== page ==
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Gabriel and Metz, Sumer to Rome, 60-61. Gabriel, Armies of Antiquity, 25. 7 Leonard Cottrell, The Warrior Pharaohs (New York: GP Putnams Sons, 1969), 57. 8 David OConnor, The Hyksos Period in Egypt, ed. Eleizer D. Oren (Philidelphia: University of Pennsylvania Museum, 1997), 48. 9 Bradford, Arrow, Sword, Spear, 21. 10 Ibid. 21. 11 John Van Seters, The Hyksos: A New Investigation, (New Haven: Yale University Press, 1966), 121.

Hyksos acting ruthlessly and forcing people into slavery. The Hyksos appear to have ruled in a manner very similar to the Egyptian rulers. However, foreign rule is almost always less palatable, and it would have been very easy to want to vilify the Hyksos.12 While the Hyksos were ruling Upper Egypt, Theban Kings still maintained their throne in Lower Egypt. These Theban kings had to pay tribute to Avaris but were able to act independently from the Hyksos kings. With the introduction of the composite bow and the chariot, the Egyptians gradually began to realize their potential to dominate warfare. However, it took time for the Egyptians to acquire the necessary horses and chariots to challenge the Hyksos, and the Hyksos would rule for two hundred years before the Egyptians could reconquer their kingdom.13 At the beginning of the Seventeenth Dynasty Egyptians were attempting to preserve their own customs and religion after 200 years of Hyksos domination. In Thebes, King Seqenenre still worshiped the Egyptian god Ra and encouraged his people to do the same. The Hyksos King Apopi, of Avaris, was angered by Seqenenres defiance14 and sent a messenger to Seqenenre demanding that the Thebans cease the worship of Ra. The assertion of authority by Apopi angered the Egyptians began to revolt against the Hyksos.15 Exactly what happened next between Apopi and Seqenenre is unclear, but it is evident that there was some kind of battle between the two kings. Archaeologists have discovered Seqenenres skull with horrible wounds that appeared to be caused by a spear or an axe.16 However, despite Seqenenres evident demise in battle, the revolt marks the beginning of the expulsion of the Hyksos by Egyptians attempting to regain their own land. King Seqenenre began a quest that his successors would continue. His son Kamose would take the throne and wage war against the Hyksos by land and by sea. In 1954 Labib Habachi, an Egyptian archaeologist discovered the victor stela, an artifact that relates Kamoses account of his campaigns: I overthrew them, I razed his wall, I slew his peoplemy soldiers were like lions with their prey, with serfs, cattle, milk, fat and honey, dividing up their possessions.17 Kamose ordered his army to defeat the enemy and to destroy their cities in a total war campaign against the rulers of a foreign land. The new revolt against the Hyksos was demonstrating success but Kamose did not live to see his enemy fall. His successor, Ahmose I would be left with the task of bringing Egypt back to the Egyptians. Ahmose I ushered in the eighteenth pharaoh dynasty and a new era in Egypt without the Hyksos in power. He led Egyptian armies to victory against the Hyksos using the same weapons the Hyksos used to conquer Egypt. Moreover, over a period of some 200 years, the Egyptians had mastered the use of bronze, greatly increasing their artillery power,18 and they had developed a military with professional skills that would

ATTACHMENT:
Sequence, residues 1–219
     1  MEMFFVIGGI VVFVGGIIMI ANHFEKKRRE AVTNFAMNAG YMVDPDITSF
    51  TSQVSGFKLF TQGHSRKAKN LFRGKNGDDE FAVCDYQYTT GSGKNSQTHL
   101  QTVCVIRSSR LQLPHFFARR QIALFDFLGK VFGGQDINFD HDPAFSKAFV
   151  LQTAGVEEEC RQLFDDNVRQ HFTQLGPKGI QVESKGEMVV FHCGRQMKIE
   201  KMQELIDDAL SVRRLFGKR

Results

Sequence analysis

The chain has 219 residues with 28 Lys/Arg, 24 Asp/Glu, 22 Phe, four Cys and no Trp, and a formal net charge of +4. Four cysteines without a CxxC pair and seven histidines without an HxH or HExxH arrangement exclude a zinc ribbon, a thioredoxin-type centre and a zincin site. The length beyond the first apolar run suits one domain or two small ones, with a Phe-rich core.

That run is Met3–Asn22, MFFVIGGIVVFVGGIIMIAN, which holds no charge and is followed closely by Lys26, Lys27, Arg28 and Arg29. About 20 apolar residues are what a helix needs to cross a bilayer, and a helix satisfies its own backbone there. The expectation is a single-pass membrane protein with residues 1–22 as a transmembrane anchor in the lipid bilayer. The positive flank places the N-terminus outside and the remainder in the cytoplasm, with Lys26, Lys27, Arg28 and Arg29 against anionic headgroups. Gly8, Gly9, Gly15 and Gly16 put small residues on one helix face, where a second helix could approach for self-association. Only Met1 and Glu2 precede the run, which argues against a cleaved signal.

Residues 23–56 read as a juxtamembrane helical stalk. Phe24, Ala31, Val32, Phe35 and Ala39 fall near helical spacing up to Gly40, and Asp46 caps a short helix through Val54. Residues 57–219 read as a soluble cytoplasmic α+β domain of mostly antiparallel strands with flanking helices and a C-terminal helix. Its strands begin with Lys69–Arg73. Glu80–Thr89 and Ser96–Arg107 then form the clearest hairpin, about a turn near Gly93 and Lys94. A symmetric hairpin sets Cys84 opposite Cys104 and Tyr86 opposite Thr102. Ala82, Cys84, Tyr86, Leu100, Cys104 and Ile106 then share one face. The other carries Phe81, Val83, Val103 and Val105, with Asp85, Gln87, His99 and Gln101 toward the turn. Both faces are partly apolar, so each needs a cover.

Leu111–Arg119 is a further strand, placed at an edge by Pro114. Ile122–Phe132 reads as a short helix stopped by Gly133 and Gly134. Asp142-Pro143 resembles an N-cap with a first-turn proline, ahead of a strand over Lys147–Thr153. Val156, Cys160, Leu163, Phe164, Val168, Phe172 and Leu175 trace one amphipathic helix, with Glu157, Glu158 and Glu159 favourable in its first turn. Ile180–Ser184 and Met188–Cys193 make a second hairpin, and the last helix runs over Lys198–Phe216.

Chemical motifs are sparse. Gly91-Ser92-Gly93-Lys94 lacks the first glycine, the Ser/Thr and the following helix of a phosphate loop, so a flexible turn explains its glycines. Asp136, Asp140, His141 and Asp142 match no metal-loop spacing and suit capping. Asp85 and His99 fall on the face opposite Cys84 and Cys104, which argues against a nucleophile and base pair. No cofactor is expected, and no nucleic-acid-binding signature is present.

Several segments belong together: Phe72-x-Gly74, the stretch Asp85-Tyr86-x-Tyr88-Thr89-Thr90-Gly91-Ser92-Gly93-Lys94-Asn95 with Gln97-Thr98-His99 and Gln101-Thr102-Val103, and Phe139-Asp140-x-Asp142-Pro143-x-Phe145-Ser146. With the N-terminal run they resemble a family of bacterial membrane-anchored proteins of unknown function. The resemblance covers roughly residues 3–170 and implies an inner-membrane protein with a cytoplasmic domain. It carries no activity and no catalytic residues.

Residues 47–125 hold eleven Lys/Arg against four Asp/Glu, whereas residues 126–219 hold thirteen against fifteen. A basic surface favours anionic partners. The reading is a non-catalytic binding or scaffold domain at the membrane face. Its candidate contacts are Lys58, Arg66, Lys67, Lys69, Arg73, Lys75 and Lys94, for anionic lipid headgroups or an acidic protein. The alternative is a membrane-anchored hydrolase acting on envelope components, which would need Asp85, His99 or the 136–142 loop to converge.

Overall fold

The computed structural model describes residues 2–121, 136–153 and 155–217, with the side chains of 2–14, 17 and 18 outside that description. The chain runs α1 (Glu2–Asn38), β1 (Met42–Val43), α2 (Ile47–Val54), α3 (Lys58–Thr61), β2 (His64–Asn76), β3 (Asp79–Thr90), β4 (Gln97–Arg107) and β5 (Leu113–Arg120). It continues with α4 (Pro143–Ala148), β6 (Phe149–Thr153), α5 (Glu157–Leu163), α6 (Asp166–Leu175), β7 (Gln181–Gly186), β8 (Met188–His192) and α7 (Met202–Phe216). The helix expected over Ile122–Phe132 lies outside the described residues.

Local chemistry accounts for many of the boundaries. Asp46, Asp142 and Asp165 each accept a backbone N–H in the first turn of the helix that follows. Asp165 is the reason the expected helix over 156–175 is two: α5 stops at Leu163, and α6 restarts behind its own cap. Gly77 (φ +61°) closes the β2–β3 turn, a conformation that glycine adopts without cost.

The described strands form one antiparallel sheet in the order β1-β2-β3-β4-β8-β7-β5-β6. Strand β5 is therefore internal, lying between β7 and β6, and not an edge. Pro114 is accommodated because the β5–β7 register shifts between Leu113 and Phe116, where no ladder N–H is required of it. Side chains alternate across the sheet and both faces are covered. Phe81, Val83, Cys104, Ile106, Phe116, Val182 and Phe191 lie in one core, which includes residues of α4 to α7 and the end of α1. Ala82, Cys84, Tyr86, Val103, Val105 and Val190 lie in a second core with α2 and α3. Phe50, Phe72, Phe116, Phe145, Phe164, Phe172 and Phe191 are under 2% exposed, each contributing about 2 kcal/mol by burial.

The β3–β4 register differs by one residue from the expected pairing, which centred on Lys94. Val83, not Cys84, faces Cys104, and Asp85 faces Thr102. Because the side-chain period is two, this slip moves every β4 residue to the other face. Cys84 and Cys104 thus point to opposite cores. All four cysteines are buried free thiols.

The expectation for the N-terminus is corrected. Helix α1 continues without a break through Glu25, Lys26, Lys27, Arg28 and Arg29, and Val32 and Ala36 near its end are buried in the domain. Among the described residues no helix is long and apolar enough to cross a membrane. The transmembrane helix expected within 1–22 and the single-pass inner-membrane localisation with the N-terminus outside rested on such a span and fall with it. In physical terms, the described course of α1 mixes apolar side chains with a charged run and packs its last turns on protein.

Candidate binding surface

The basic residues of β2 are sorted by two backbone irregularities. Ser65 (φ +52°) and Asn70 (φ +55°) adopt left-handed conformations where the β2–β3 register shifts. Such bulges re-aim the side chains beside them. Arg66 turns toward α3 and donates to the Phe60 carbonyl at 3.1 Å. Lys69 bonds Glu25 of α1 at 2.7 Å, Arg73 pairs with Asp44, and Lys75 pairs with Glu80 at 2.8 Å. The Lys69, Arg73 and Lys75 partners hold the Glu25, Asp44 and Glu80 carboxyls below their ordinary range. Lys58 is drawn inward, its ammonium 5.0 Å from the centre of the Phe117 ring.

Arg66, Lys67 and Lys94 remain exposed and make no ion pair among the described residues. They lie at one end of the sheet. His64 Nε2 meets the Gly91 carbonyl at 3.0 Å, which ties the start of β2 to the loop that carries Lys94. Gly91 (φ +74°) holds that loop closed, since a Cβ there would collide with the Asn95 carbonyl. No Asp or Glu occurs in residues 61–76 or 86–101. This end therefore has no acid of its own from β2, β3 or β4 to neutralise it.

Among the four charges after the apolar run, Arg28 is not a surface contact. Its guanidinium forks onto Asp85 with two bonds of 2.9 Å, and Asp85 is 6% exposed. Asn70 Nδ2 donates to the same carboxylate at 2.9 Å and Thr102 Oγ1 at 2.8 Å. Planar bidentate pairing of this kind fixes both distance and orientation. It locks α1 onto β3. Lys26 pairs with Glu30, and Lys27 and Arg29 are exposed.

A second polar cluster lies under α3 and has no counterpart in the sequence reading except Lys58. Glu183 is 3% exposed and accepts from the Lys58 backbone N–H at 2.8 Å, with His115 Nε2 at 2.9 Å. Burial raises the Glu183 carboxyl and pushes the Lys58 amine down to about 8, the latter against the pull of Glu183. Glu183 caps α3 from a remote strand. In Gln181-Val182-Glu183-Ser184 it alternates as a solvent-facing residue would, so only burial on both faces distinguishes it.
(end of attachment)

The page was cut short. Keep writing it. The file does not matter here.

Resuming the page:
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Fox, Who Were the Hyksos, www.touregypt.net. Bradford, Arrow, Sword and Spear, 21. 14 Bradford, Arrow, Sword, Spear, 21-22. 15 Cottrell, Warrior Pharaohs, 95-96. 16 Peter A. Clayton, Chronicle of the Pharaohs: A Reign by Reign Record of the Rulers and Dynasties of Ancient Egyp, (London: Thames and Hudson, 1994), 96 shows his skull, discovered in 1881 with five head wounds with four of them indicating that he was on his right side when he received the deadly blows. Also Bradfords, Arrow, Sword and Spear shows his skull that was preserved by his people after the battle. 17 Cottrell, Warrior Pharaohs, 59. 18 Fox, The Chariot in Egyptian Warfare, www.touregypt.net.